Post by: luna_lava
Back when a computer took up two floors of the Engineering Faculty (UNSW) one of my favourite books was “The Use and Abuse of Statistics” by W.J. Reichmann (… I know a bit nerdy). Since that time, not a lot has changed with the central theory of Statistics and the concept that when you “sample a population” your sample must be representative of the larger group.
Most of the polls published in the mainstream media (MSM) are based on the assumption that they are sampling the population of Australian voters to draw inferences on their intentions and to gauge a reaction to a particular issue
One of the traps for the guys who design these polls is the belief that:
“As the size of a sample is increased it approaches more closely to the population itself ….there is safety in numbers”
In 1936 an American magazine forecast that the Republicans would sweep all before them in the Presidential elections. A huge sample of 10 million people was selected and, of these over 2 million replied to the questionnaire. The size of the sample, coupled with the fact that the same sample had previously been used successfully in four earlier elections, was taken as a sure guide to the outcome of the 1936 election. The sample returns indicated that Franklin D Roosevelt would be defeated whereas, in fact, he was elected with one of the largest majorities ever recorded.
The apparent reason for failure to make a correct prediction was the fact that the sample chosen was not representative of the total population of American voters. The magazine’s inquiries had been addressed to its own readers and also to telephone subscribers as listed in the telephone directories, so that the sample represented only the population of people who either owned phones or where readers of the magazine.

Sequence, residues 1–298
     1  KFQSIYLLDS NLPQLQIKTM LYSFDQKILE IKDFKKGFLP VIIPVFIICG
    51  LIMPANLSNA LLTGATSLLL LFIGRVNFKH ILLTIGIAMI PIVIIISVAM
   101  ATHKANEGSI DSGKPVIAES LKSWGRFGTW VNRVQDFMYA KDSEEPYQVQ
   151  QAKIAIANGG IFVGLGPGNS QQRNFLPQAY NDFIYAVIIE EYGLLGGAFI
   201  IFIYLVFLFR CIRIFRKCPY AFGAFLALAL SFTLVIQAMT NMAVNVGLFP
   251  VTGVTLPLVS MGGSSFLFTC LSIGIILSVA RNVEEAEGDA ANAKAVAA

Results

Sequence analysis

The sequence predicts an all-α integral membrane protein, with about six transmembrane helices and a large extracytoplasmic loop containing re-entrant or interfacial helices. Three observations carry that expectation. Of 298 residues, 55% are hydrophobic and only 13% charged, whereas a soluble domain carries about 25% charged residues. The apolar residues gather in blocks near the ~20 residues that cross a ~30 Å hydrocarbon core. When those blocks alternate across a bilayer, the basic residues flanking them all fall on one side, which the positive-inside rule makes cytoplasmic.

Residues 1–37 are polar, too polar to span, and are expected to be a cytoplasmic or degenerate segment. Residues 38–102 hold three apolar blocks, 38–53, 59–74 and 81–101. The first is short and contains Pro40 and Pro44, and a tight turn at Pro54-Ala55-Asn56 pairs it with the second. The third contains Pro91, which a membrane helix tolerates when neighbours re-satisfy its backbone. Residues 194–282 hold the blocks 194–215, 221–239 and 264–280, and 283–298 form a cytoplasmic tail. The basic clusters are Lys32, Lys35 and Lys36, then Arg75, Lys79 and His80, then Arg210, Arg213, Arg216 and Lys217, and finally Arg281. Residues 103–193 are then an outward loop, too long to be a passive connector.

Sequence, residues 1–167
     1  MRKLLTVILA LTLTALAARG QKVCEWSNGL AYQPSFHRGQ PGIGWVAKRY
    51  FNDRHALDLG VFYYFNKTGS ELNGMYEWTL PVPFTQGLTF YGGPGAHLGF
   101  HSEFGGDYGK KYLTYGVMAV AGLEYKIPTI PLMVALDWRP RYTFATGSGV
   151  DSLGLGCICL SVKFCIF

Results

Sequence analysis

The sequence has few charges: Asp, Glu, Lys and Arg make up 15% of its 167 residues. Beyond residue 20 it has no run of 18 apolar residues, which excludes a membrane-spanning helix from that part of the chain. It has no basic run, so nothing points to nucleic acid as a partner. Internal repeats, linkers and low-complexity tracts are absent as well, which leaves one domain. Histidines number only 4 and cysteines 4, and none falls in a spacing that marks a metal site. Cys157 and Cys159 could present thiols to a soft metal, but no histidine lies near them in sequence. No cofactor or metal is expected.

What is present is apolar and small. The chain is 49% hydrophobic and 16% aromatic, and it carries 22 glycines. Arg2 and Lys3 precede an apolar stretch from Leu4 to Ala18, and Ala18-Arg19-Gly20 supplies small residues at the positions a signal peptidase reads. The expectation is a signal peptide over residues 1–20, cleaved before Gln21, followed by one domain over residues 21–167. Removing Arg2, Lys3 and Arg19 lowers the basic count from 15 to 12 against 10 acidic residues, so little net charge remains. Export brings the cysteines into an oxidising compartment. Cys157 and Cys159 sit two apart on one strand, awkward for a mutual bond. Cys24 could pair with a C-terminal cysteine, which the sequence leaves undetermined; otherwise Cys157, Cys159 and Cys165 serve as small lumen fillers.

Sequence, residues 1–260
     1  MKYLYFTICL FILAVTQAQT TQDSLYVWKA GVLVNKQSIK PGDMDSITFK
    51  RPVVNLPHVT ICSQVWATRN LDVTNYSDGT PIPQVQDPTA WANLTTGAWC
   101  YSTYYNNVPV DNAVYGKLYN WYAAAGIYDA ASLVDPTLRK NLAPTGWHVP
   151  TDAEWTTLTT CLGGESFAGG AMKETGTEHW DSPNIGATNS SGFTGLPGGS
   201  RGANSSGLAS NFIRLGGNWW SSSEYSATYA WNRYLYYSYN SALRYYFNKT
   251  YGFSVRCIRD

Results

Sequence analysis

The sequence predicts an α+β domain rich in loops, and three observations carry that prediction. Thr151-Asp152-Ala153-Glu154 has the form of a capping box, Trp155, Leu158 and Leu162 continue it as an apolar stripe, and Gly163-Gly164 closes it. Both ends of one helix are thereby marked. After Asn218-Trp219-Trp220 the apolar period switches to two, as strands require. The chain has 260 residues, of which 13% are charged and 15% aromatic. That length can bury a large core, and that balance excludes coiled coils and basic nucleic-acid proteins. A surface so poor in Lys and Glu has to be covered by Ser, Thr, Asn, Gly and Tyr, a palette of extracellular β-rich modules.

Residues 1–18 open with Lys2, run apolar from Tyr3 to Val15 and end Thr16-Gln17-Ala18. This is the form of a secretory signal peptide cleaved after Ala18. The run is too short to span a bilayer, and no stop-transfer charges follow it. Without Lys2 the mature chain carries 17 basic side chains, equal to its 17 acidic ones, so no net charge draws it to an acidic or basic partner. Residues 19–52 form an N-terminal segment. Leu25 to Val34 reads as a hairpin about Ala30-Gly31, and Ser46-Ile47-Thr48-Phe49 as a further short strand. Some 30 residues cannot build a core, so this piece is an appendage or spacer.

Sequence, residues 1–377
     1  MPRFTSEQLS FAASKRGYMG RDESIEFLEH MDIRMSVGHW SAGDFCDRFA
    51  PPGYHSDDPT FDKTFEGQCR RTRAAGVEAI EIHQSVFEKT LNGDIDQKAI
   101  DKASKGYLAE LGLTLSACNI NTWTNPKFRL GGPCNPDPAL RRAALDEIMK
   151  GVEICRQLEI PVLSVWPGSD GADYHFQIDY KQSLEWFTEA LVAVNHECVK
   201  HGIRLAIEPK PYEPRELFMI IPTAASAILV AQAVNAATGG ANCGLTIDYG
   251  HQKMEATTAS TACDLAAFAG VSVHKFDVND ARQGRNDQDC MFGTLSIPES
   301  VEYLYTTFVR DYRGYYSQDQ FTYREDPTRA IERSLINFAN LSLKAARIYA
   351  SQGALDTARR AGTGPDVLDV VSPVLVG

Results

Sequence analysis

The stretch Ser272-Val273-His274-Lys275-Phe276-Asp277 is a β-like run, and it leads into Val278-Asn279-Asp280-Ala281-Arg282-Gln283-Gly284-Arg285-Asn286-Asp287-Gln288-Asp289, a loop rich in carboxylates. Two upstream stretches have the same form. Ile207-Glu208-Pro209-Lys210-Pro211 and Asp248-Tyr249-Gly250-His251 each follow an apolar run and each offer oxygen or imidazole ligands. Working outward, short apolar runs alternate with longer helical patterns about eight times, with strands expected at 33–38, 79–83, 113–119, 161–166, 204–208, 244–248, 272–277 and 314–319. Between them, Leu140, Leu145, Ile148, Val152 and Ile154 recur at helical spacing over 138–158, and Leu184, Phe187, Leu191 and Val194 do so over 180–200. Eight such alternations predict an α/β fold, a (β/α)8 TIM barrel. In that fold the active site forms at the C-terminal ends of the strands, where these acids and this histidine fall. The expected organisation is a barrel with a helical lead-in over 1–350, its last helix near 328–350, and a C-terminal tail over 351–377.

In 1936, choosing a sample from those who could afford a telephone was in effect selecting people who preferred one party (Republicans).
Fast forward to today and the use of phone polls. This type of poll is relatively cheap and quick however they are suspect because fixed line users are over represented. Many voters from the younger demographic use mobile phones which are very difficult to sample (you can look up my fixed line but even I don’t know my mobile number).
Pollsters can factor in corrections for some of this stuff but it costs more for what maybe considered marginal improvement.
I suspect that the marketing guys have taken control of newspapers polls (they are a good little earner) and statisticians are a little too close to “scientists” to be trusted with important stuff.
Greg Jericho in his brilliant blog has shown how editorial agendas distort how the polls are published and promoted depending on the political message. Pollsters know what the right wing media wants and they are in the business of selling a product with the “correct message”.
So do I think the polls are accurate – no .
Do I trust Newspoll given their News Ltd association. Well send me $100 dollars and I will tell you how to avoid being conned.